I’m talking with them so we can publish together a more detailed report of what they have done in these last days.
Hi all, want to put a closure from our end as well.
As @filipenevola mentioned before, we are finally on the happy end of things again being able to serve >2.5k connections / container without sweat on Quad CPU. Before this we tried 20 Quad CPU and it didn’t help e.g. method call response is 1s+, subscriptions also 1s+ (can peak to abysmal number like 10s).
I would highlight 2 main issues that made our system not scalable:
- Redis-oplog issue where a document was inserted or updated, but the publication did not detect and push the new document to the clients.
- 1 write to db that publishes to all users happened frequently (as @mullojo mentioned about multi-user update loops)
We are using publish-counts package https://github.com/percolatestudio/publish-counts, that were counting the entire collection and will need to reevaluate when a doc is updated for that collection. It also increases our container memory usage because whenever it is being used, the container will keep the observer. I removed this feature for now and will definitely implement it on a different way. We saw memory usage down from 2.8GB (yes Quad Pro was our minimum container that can serve our system), to ~1.2GB.
As you guys all know, we are still a startup where simple infrastructure is really important for us. MeteorJS has helped us achieved this until this point where we can naively have simple rules like:
- Data transfer should be using meteor publications
- Mutating data / actions should be done by meteor methods
These 2 rules have made our codebase very easy to build and debug because everything is done on the same way.
Now that we (I especially ) have better understanding of the meteor ‘blackbox’, we are more thoughtful on using meteor publication and methods. Not saying we are not using meteor anymore, but we are going to add more things like caching for data intensive request and offloading CPU intensive operation from meteor methods to different instances.
Galaxy Support has been helpful (@filipenevola especially) figuring out our issues. We were initially frustrated because Galaxy does not have a code-level support offering and I think some of my support requests that I submitted through Galaxy website form were not submitted properly.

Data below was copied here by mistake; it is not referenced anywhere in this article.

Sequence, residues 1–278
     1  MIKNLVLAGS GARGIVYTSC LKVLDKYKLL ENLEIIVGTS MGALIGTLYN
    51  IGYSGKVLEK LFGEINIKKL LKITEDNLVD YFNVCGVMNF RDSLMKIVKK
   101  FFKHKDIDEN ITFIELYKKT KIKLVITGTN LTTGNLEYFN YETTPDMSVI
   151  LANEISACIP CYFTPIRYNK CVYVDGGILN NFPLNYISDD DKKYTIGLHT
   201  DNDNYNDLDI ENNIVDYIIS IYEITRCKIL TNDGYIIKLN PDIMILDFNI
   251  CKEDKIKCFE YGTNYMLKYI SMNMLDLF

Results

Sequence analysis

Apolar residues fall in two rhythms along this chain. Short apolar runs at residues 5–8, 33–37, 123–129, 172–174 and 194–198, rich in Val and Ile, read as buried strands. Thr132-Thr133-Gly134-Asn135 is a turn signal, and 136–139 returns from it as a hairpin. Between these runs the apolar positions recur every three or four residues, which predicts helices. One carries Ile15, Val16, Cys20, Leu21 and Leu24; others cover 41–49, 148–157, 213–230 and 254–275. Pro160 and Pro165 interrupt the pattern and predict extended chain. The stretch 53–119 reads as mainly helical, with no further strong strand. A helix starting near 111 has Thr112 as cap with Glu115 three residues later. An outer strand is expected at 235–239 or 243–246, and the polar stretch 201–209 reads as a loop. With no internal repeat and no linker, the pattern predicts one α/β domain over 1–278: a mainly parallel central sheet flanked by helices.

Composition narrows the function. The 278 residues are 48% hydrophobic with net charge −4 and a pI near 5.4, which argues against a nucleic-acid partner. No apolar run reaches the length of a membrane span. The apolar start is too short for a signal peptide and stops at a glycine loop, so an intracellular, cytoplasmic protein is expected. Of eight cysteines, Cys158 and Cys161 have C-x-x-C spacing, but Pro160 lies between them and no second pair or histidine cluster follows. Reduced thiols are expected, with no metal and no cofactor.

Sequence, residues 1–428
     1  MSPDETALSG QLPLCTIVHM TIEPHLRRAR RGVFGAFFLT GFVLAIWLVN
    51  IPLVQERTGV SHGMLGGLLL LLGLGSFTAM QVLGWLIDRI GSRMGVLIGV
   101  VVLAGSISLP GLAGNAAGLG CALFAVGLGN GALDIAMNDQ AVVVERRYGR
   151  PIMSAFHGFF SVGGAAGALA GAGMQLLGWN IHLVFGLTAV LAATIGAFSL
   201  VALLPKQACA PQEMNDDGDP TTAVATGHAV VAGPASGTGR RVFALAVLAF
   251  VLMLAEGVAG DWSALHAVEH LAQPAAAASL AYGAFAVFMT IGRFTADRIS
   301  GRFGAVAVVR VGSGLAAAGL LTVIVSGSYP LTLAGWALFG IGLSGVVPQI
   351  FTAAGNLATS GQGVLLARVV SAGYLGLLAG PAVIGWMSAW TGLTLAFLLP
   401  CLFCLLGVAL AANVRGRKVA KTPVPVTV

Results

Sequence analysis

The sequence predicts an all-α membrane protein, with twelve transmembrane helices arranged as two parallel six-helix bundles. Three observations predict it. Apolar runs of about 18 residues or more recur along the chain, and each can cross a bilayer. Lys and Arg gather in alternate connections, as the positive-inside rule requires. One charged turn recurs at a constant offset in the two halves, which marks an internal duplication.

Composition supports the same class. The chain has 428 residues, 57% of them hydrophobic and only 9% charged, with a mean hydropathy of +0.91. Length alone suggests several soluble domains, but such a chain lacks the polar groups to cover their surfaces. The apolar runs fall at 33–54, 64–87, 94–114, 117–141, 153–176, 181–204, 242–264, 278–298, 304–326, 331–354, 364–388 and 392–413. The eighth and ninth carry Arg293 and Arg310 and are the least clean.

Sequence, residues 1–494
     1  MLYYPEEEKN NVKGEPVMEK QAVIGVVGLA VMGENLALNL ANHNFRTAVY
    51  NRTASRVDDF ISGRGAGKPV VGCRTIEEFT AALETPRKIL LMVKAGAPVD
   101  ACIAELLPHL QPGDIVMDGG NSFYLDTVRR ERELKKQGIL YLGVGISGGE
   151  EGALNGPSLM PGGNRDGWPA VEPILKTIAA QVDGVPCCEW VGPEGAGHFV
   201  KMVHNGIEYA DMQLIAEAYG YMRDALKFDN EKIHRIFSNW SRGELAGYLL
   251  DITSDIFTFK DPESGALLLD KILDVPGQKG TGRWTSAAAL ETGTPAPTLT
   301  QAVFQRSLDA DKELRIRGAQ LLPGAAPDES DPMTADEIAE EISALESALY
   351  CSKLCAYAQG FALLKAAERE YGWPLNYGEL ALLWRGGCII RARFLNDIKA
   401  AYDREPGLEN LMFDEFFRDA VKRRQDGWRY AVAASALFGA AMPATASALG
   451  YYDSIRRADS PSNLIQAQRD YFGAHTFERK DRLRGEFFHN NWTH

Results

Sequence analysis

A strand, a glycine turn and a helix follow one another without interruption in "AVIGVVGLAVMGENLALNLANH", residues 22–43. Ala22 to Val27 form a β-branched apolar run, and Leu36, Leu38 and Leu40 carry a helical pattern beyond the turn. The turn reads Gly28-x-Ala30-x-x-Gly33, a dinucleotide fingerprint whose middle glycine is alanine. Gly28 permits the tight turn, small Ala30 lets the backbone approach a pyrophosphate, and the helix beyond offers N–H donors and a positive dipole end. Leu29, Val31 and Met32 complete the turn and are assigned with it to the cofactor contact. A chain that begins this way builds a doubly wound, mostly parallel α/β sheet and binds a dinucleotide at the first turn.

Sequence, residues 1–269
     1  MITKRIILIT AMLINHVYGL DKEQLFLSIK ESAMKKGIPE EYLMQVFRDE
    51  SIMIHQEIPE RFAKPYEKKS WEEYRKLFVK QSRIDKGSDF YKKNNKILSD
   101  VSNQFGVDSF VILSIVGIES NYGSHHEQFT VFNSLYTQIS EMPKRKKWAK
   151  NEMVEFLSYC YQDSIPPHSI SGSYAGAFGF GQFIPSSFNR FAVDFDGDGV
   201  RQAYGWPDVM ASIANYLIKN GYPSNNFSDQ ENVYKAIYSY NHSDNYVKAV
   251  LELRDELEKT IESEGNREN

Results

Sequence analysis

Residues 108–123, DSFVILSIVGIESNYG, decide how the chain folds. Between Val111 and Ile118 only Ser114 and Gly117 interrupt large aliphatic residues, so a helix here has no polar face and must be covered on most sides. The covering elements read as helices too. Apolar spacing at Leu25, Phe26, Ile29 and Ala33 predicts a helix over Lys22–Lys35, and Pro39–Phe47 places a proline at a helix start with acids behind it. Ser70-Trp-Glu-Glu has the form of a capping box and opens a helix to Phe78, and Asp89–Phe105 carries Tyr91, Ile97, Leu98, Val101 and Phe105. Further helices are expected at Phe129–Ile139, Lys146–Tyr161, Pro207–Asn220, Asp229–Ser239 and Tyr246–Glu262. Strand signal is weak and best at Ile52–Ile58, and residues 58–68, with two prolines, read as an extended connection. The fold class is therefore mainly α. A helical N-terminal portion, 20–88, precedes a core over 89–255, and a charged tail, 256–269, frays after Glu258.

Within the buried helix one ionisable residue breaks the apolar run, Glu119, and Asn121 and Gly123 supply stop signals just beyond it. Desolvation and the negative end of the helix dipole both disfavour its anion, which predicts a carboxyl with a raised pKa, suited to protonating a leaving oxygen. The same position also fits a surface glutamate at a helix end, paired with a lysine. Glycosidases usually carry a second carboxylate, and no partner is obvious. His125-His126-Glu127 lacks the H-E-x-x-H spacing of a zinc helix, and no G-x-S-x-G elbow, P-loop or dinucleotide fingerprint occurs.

I was quite surprised by how active the community is on this thread. I hope others can learn from our experience here.
Were you able to fix this? From experience, this is solved by fine tuning the mutations
Thanks for sharing. Learned a lot from this thread
This was hugely interesting, thank you!! This begs the simple question, however, as to how to set the poolSize option for Meteor.
The Node.js MongoDB Driver API for MongoClient lists poolSize with a default value of 5.
Thanks! I’ve just figured it out and add it here for reference, starting with Meteor 1.10.2 Mongo Connection Options can also be set in the Meteor settings. Options can be specified under
private.packages.mongo.options. As of now this is presumably the most convenient way to specify options.
MONGO_URL environment variable has the standard mongo connection string format, which also allows to set connection parameters, so quite possibly this could also work:
…given that MongoClient in the 3.6 (and prior versions) Node.js MongoDB driver has the option
poolSize, but I wasn’t able to verify this yet.
At instantiation, MongoClient receives
options; the fact that the standard mongo connection string format can also contain options creates an ambiguity which is not addressed in the Node.js API documentation. E.g. if there are options specified in the query part of the
url, and the same options are also specified in the parameter
options but with different values, which of the two takes precedence?
This is a nasty one!
Hope it have some help.